Tuesday, February 23, 2010

Poor Polish Lawyer From Detroit Takes Toyota to Task

Toyota North America President James Lentz made the most heart-felt and earnest apology, yet, from any Toyota executive as he appeared before a U.S. Congressional Committee in Washington, DC Tuesday.

He was grilled after Rhonda Smith, of Sevierville, Tenn., said "Shame on you, Toyota," at the same congressional hearing. Her Lexus had accelerated out of control for several miles before she got it stopped. She and her husband told the panel Toyota sent them a form letter and discounted her harrowing experience.

When Lentz began his remarks, he said, "I'm embarrassed for what happened." Lentz added, "I want her and her husband to feel safe about driving our products."

Michigan Representative John Dingell launched into a list of questions prepared by his staff, and kept demanding "yes or no" answers to many questions that could not be answered yes or no.

At one point he told Lentz, "I'm just a poor Polish lawyer from Detroit" and asked for simple yes or no answers.

If I had been Lentz, I would have been tempted to respond, "I know your Polish and a lawyer, but I doubt your poor!" If I had been counseling Lentz, I would have died on the spot, if he had said what I would have been tempted to say.

Some of the questioning was good and tough. Some was mean-spirited. Some of the questioning was political posturing.

What Lentz did well, was to keep calm, not over-react to the baiting questions, and allowed his humanness to show at times. He came close to tearing up, at one point, when he talked about losing a relative in an automobile crash, and how he knew the pain of such a tragic event.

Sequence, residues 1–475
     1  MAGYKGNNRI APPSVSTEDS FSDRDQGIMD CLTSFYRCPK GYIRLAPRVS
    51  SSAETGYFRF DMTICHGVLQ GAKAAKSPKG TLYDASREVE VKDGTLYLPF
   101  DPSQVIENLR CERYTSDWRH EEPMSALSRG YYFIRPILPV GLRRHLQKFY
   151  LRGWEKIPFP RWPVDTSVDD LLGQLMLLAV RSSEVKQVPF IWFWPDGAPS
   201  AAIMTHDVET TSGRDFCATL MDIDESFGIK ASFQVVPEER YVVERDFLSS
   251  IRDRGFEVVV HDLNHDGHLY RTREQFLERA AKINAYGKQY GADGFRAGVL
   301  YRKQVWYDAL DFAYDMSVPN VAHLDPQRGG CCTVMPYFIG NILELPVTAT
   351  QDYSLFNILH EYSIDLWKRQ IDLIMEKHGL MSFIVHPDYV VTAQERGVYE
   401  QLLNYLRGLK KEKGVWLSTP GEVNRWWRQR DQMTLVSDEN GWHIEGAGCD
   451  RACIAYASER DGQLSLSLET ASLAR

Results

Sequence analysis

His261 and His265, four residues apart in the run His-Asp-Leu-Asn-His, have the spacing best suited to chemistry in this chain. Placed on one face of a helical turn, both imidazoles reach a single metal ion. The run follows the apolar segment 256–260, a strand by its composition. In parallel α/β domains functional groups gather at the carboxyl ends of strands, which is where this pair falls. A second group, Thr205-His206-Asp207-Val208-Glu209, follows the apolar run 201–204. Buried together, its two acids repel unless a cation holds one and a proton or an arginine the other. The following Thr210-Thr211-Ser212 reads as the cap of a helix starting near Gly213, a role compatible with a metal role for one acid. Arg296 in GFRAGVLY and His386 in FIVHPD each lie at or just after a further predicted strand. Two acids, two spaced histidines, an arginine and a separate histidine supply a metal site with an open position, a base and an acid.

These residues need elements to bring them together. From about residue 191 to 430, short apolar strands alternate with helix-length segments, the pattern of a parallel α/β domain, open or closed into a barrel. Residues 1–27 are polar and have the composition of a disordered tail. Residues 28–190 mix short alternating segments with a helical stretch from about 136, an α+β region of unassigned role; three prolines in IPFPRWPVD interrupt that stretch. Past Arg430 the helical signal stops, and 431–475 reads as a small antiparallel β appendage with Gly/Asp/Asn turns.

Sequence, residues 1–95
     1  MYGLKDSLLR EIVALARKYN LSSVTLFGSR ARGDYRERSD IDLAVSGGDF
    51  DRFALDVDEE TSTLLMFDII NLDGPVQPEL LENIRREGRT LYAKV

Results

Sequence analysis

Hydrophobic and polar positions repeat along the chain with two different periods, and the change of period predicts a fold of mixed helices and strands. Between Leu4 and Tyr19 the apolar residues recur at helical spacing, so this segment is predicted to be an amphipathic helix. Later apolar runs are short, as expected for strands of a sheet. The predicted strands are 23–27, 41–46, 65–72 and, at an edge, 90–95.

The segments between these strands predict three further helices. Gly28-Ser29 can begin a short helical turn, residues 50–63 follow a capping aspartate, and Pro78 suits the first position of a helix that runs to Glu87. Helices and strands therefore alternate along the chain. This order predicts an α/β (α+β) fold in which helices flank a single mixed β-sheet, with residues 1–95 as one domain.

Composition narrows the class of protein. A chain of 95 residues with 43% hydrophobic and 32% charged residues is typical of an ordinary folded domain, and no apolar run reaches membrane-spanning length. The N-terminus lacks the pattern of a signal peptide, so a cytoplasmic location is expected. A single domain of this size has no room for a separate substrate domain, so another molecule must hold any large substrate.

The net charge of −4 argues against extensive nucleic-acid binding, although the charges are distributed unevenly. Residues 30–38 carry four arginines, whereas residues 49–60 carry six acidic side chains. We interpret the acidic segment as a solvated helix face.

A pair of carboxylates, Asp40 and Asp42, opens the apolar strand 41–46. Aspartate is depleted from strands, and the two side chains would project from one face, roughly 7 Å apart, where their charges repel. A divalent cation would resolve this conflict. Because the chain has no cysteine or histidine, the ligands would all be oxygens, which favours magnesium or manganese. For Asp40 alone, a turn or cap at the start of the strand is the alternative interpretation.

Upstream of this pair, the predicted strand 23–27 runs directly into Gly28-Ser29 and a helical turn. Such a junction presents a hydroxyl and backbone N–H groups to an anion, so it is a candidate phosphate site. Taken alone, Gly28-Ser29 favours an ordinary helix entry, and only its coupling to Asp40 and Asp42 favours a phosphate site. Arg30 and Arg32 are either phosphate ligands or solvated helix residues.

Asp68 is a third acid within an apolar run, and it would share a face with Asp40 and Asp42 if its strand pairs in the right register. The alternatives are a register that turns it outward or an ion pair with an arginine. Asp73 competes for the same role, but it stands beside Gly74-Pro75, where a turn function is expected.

Friday, February 19, 2010

Tiger Takes The Stage

It seems like an eternity since Tiger Woods' Cadillac SUV struck a tree and fire hydrant in Florida Thanksgiving weekend.

Today, he faced a camera, three carefully selected reporters (who did not get to ask any questions), his mother, and about 40 friends and employees, in a PGA Tour clubhouse in Pont Vedra Beach, FL. That's not to mention the millions of television viewers from around world, including his father-in-law watching in Sweden.

There are critics, not the least is Golfer Ernie Els, who pointed out Woods made his public mea culpa on the Friday of the Accenture Match Play Championship. Els told Golf Week Magazine "It's selfish." And, he accused Woods of stealing the spotlight from the Tournament, sponsored by the first company to pull its sponsorship after the sex-scandal broke.

My sense is Tiger Woods meant what he said today. He could have been pressured by handlers and friends to say the same thing two months ago, when he was not ready, or perhaps not even convinced he had done anything wrong. The words, without heartfelt meaning, could have done more harm, than no public statement at all.

Many reporters and even some of Woods' competitors complained that he didn't answer questions, nor give any sordid details. I wasn't ask, but I would have counseled him to do what he did ... make a statement, take responsibility for what he did, say he is sorry -- only if he means it -- explain what he is doing to fix his problem . . .then move on.

One of our competitors has written a book, and promotes it every chance he gets, about how apologies are over-rated. After 20-years of working with clients of all kinds, including some very public figures, there is ample evidence that "taking responsibility" for mistakes, screw-ups, bad behavior, defective products or poor service is still the first step toward recovery of a brand or reputation.

Unfortunately, words alone won't fix anything. It requires the second step -- doing the right thing(s) coupled with the apology or "taking responsibility".